Today, let’s explore some of the information that everyone should know about mouth bacterias and the related mouthwash myth. For starters, inside your mouth are colonies of microorganisms. These are more commonly known as bacteria. At any one time, you may have between 30 and 70 varieties of mouth bacteria.
Though unpleasant to think about, most of the bacteria inside your mouth is perfectly harmless. In fact, some strains, called probiotics, can actually be good for us. These assist the breakdown and digestion of food. Studies have shown that other strains can also protect our teeth and strengthen our gums.
However, some species of bacteria do the opposite. The unwanted types of bacteria may cause bad breath, tooth decay, and disease. For example, streptococcus mutans thrives on the sugars and starches in your diet. When the bacteria consumes these macronutrients, it produces acids that erode your tooth enamel. This leaves your teeth extremely vulnerable to decay. Another bad oral bacteria is porphyromonas gingivalis. Research has linked this bacteria to periodontitis, which may ultimately lead to oral pain and loss of adult teeth.
“There are two things in life that a sage must preserve at every sacrifice, the coats of his stomach
and the enamel of his teeth.” ~Henry Lytton Bulwe
Many people look to mouthwash to eliminate the harmful strains of bacteria. While it is true that most over-the-counter mouthwashes can kill oral bacteria, this benefit does not come without significant harm. One major problem is that mouthwash cannot discriminate between good and bad bacteria. When you swish, both types are eliminated, compromising the bacterial balance inside your mouth. This can leave your mouth unprotected and lead to periodontal disease.
Another big problem with conventional mouthwash is the number of chemicals involved. One ingredient commonly found in mouthwash is chlorhexidine, which research published in the Journal of Free Radical Biology and Medicine links to increased blood pressure through the destruction of nitrate-reducing bacteria, which normally encourages blood vessels to relax. Over time, this can also lead to oral infections, heart disease, and even stroke. It is for this reason that Mayo Health describes oral health as “a window to your overall health."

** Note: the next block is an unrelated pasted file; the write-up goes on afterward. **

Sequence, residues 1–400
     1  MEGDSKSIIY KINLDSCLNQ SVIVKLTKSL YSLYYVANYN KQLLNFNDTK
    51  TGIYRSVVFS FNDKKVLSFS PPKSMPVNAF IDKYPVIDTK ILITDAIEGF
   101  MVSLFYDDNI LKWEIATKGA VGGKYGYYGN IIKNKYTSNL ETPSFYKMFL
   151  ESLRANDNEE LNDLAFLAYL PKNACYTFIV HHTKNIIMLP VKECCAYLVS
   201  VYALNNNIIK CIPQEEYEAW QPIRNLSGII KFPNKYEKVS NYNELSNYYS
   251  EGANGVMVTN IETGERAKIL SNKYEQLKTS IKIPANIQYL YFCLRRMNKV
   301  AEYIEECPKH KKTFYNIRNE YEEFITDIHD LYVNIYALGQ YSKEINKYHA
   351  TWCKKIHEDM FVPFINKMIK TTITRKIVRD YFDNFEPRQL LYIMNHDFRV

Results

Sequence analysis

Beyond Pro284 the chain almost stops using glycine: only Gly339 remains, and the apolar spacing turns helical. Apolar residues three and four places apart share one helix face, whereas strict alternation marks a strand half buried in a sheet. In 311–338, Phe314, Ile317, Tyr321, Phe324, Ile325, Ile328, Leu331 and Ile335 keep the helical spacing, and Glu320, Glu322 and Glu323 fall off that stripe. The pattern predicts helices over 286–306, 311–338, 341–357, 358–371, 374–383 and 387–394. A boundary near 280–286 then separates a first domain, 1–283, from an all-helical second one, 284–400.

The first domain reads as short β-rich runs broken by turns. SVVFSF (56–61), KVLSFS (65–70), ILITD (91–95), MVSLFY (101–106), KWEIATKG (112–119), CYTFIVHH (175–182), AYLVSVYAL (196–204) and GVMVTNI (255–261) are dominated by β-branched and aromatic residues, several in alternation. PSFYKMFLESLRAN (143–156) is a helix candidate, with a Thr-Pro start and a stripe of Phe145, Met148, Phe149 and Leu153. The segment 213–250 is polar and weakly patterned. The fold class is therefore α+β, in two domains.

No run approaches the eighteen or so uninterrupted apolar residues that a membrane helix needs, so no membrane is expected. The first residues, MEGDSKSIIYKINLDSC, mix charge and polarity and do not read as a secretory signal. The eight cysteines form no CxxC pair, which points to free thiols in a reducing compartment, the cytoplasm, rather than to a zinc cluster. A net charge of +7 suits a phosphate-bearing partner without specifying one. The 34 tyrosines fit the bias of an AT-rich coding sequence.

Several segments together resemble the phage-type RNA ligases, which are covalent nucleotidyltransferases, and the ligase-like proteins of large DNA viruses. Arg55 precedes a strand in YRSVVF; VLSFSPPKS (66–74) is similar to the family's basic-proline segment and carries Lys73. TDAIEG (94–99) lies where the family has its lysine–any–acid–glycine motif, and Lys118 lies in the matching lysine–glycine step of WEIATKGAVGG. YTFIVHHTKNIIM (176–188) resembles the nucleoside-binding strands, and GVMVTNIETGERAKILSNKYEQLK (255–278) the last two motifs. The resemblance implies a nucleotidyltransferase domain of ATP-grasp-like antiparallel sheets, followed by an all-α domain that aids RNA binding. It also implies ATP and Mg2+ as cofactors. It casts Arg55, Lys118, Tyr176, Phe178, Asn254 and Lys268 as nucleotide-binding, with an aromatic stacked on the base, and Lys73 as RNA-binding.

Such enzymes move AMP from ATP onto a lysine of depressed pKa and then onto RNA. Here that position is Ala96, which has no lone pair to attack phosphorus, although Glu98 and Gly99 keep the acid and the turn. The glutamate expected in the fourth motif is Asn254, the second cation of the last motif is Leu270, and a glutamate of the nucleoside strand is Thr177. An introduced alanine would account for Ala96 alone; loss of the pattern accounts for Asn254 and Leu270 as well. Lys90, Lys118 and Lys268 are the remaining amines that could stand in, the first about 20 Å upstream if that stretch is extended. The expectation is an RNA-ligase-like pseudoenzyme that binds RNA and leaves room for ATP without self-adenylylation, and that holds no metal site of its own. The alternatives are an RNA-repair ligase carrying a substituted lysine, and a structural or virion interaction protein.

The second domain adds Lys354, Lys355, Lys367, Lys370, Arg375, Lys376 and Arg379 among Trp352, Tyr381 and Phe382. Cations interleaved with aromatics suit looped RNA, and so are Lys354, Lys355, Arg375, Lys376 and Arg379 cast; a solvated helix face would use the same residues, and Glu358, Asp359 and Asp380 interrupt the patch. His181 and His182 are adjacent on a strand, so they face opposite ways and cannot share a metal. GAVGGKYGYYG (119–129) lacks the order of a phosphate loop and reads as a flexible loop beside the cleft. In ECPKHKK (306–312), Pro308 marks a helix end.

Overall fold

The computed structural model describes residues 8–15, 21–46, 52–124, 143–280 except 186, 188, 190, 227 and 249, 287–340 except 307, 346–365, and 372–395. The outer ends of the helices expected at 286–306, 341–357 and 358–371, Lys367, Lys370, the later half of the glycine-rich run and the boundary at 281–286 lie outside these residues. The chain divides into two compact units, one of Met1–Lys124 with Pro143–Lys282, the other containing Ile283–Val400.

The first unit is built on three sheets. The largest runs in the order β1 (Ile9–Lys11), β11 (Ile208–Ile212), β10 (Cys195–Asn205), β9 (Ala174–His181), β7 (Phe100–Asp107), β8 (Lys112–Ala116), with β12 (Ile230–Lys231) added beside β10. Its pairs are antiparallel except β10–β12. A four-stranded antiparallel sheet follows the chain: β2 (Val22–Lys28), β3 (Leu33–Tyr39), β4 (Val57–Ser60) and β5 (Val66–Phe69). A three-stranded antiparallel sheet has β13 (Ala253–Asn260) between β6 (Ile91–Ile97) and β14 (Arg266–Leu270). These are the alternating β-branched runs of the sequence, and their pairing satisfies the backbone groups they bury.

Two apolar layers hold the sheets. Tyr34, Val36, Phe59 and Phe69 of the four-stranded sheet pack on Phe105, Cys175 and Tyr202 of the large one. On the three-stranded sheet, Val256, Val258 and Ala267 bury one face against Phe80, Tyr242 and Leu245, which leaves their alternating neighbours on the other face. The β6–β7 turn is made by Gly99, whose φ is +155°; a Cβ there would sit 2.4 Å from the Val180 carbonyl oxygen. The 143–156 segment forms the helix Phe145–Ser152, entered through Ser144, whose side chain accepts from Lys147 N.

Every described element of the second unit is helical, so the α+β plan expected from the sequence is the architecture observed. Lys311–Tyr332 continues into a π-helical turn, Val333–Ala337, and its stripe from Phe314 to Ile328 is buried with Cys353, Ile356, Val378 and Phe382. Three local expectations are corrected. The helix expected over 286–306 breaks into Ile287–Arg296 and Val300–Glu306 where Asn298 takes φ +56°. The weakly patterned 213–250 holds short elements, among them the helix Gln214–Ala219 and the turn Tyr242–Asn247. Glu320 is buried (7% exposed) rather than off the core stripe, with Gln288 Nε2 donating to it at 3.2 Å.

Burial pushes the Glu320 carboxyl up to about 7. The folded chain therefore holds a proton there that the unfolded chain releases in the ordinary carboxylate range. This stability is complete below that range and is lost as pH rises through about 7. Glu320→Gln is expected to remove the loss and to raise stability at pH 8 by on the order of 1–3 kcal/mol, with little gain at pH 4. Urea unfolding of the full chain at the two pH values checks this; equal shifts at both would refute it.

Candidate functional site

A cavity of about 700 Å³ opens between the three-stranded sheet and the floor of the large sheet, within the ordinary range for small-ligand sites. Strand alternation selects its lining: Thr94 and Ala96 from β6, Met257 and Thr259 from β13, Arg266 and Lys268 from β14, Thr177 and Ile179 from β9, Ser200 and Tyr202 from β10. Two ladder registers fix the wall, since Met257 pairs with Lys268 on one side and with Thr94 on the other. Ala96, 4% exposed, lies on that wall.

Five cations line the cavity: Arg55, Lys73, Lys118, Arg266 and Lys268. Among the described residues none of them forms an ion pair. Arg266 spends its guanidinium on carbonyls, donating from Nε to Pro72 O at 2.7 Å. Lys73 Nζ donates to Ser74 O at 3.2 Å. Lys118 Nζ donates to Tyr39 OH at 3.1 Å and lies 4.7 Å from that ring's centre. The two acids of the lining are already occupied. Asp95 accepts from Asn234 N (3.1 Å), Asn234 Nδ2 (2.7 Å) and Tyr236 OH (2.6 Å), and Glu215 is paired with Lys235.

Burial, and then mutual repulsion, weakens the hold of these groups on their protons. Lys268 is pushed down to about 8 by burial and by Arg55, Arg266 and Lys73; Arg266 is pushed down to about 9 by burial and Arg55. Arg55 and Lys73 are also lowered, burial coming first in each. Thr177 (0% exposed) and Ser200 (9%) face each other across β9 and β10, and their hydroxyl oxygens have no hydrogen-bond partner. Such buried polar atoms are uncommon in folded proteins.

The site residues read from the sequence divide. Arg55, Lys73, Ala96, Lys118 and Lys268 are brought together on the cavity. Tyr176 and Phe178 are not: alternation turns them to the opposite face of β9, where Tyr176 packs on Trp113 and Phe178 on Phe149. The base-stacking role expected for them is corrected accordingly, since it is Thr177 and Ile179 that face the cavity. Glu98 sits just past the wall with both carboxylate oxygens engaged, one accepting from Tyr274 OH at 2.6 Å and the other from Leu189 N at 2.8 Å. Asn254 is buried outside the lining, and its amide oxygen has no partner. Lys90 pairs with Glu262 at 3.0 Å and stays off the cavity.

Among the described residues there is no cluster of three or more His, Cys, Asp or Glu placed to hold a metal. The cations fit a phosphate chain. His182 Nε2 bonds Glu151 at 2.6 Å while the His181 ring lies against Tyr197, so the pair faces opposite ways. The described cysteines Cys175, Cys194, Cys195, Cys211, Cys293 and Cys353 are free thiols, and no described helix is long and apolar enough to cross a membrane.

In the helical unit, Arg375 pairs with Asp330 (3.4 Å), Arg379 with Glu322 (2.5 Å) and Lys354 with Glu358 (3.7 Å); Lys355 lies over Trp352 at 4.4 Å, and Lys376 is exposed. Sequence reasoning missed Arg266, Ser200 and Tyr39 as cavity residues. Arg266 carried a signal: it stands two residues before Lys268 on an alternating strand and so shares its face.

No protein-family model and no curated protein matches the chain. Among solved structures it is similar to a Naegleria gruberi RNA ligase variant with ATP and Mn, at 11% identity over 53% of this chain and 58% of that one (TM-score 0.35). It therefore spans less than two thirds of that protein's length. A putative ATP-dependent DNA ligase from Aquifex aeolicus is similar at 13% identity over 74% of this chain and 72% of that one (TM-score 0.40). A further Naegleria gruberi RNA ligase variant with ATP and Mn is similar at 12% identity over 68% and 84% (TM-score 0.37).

Most mouthwashes also contain alcohol, which not only dries out your mouth but is also linked to oral cancer, according to a comprehensive study in the Australian Dental Journal. A third problem with mouthwash is that it typically contains parabens, which can mimic estrogen in a way that contributes to the growth of breast cancer tumors (Journal of Applied Toxicology, 2012).
Clearly, mouthwashes are not as harmless as we tend to assume. A safer approach to good oral care is to foster good bacteria while keeping the unwanted colonies at bay. This can be done with a healthy diet (rich in vegetables and low in sugars or simple carbohydrates) and good hygiene (regular flossing and brushing 2-3 times a day). Bi-annual dental visits can also help you establish and maintain a healthy balance within your mouth. This natural approach is far better for your long-term oral health.
For more personalized advice on maintaining healthy mouth bacteria, schedule a consultation with Rose today.
What To Remember:Good bacteria protects your teeth.
Bad bacteria can lead to foul breath and bigger problems.
Mouthwash can cause more harm than it is worth.
A good diet and helpful hygiene habits can prevent decay and disease.
Oral health is closely linked to overall health.
For More on Mouth Bacterias And The Mouthwash Myth, watch our related video.
- Barr, e. a. (2012, January 12). Measurement of Paraben Concentrations in Human Breast Tissue at Serial Locations Across the Breast from Axilla to Sternum. Retrieved from Journal of Applied Toxicology.
Mayo Clinic Staff. (2016, April 30). Oral Health: A Window to Your Overall Health. Retrieved from Mayo Health.
MJ McCullough, C. F. (2008, November 27). The role of alcohol in oral carcinogenesis with particular reference to alcohol-containing mouthwashes. Retrieved from Australian Dental Journal.
Vikas Kapil, e. a. (2013, February). Physiological role for nitrate-reducing oral bacteria in blood pressure control. Retrieved from National Center For Free Radical Biology and Medicine.
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